Bureaucracy, Collegiality and Social Change
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Bureaucracy, Collegiality and Social Change

Redefining Organizations with Multilevel Relational Infrastructures

Emmanuel Lazega

This insightful book theorizes the contrast between two logics of organization: bureaucracy and collegiality. Based on this theory and employing a new methodology to transform our sociological understanding, Emmanuel Lazega sheds light on complex organizational phenomena that impact markets, political economy and social stratification.
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Chapter 7: Conclusion

Emmanuel Lazega

Abstract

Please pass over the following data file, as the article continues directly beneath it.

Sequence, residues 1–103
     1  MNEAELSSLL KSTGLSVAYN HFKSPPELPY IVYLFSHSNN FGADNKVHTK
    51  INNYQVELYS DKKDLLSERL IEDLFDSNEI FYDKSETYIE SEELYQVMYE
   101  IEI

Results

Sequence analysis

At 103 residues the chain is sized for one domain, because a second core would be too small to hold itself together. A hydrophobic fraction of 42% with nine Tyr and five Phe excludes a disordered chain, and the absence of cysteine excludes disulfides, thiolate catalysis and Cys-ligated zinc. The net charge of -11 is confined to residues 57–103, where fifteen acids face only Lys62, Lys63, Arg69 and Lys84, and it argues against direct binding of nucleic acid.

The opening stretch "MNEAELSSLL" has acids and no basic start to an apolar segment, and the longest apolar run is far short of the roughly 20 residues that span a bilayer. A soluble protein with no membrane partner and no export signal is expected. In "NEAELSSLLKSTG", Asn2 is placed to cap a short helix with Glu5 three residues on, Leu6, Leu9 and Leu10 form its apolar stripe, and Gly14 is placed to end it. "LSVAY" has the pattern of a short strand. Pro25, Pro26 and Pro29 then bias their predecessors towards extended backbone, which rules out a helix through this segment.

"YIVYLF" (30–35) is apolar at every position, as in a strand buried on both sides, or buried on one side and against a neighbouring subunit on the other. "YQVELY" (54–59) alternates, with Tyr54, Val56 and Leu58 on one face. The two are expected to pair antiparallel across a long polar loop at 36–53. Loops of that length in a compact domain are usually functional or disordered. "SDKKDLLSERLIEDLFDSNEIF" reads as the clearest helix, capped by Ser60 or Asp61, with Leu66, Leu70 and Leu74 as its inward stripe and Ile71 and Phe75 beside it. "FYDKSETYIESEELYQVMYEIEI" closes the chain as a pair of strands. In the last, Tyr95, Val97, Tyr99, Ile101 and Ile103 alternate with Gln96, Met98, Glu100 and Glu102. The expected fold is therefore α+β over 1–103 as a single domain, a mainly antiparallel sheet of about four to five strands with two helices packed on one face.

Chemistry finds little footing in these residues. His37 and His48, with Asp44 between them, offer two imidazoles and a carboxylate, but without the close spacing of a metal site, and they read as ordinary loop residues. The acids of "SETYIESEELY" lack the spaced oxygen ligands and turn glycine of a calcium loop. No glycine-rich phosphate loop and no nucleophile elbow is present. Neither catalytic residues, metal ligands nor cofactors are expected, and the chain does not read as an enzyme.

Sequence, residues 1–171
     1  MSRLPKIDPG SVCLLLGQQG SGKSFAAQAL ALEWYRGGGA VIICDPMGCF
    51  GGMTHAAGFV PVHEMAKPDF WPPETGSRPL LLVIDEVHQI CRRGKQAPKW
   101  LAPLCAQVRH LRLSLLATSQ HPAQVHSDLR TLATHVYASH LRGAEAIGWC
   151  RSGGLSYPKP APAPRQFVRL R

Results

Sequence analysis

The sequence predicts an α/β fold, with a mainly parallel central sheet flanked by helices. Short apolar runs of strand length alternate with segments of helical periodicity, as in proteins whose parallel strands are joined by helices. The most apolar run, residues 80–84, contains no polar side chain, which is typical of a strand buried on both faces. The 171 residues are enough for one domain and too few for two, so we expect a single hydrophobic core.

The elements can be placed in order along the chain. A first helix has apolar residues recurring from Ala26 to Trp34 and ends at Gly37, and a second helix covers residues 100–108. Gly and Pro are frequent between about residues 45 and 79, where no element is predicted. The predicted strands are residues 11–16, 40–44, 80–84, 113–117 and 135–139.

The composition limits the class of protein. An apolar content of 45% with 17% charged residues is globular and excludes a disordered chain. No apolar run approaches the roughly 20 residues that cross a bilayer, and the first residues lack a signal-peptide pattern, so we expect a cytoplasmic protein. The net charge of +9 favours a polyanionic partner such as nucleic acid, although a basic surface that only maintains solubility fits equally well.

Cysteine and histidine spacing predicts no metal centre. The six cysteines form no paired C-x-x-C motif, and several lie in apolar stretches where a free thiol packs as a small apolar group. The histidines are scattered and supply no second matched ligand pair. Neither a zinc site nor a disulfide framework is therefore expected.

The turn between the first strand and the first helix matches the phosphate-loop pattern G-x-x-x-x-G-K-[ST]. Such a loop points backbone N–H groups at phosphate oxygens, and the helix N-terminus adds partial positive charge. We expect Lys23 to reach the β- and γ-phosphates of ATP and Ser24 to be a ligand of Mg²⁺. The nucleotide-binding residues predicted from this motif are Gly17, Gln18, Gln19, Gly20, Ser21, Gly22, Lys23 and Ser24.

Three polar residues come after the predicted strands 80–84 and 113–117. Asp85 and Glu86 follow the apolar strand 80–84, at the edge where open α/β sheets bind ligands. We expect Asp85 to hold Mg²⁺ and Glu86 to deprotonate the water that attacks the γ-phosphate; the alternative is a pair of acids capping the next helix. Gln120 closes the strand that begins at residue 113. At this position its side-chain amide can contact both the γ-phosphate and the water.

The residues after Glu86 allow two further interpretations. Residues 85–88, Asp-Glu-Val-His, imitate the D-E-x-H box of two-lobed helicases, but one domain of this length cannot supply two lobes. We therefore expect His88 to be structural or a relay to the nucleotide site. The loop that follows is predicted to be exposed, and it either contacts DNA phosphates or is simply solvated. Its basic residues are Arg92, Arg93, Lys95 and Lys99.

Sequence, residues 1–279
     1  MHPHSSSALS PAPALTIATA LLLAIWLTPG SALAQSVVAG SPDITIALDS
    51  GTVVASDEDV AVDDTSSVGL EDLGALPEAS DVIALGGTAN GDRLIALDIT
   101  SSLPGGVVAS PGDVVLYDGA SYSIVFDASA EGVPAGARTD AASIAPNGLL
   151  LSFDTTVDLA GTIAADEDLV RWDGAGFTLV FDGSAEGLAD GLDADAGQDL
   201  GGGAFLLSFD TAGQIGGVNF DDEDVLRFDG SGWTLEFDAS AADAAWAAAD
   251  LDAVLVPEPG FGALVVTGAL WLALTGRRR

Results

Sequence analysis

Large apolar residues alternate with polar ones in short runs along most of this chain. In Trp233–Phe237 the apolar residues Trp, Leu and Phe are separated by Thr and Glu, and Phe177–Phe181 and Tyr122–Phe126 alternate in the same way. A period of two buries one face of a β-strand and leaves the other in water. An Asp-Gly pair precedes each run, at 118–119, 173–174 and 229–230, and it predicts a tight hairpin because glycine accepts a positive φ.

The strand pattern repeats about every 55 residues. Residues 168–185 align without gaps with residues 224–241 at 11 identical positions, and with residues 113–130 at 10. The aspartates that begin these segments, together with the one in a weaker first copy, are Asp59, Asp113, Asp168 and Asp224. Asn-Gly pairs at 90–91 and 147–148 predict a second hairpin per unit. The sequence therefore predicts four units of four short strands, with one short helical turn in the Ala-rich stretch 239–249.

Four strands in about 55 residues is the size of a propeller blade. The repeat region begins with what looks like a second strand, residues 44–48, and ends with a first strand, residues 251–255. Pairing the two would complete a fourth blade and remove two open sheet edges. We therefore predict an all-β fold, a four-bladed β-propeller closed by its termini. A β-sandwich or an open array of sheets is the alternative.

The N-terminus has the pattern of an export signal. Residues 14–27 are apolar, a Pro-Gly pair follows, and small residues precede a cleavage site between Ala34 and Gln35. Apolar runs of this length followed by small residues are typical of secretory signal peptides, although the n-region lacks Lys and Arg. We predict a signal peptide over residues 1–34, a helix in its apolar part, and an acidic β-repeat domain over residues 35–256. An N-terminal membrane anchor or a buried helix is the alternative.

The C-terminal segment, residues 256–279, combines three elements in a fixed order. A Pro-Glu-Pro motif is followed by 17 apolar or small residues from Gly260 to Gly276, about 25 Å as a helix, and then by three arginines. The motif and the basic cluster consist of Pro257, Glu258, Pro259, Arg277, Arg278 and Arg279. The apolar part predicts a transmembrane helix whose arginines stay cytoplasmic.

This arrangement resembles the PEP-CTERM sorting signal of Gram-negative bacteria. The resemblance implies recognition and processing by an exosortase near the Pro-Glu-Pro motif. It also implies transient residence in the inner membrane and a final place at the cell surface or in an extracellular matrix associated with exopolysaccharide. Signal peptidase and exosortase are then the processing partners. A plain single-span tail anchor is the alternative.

The book redefines organization using a stratigraphic approach to the co-constitution of bureaucracy and collegiality across levels and across boundaries, thus exploring the central role that actors in multilevel positions play in multilevel activation of multilevel collective agency and social change in the organizational society. To existing analyses of collegiality and innovative work using multiple types of networks (multiplexity), this framework adds a multilevel dimension. It relies on concepts such as vertical linchpin and vertical social niches to improve our understanding of dynamics of multilevel networks as contextualized by stratification, mobility and political/cultural controversies. Without any claim to exhaustivity, it helps revisit some of the issues that have been at the core of contemporary sociology of organizations, economic sociology and political sociology. At least four general areas of urgent further research are identified from the formalism and from the approach of social and institutional change presented here: the redefinitions of the commons and collective responsibility, for example in cooperatives or in more distributed uses of bottom-up platforms; the use of organizations as ratchets of social stratification and social inequalities; the struggle for open science, against social engineering based on monopolized knowledge of multilevel relational infrastructures in society; and a better understanding of dynamics of multilevel networks in joint regulation and the political process. Further exploitation and expansion of this framework is a task that public sociology should not leave to growing privatized sociology.

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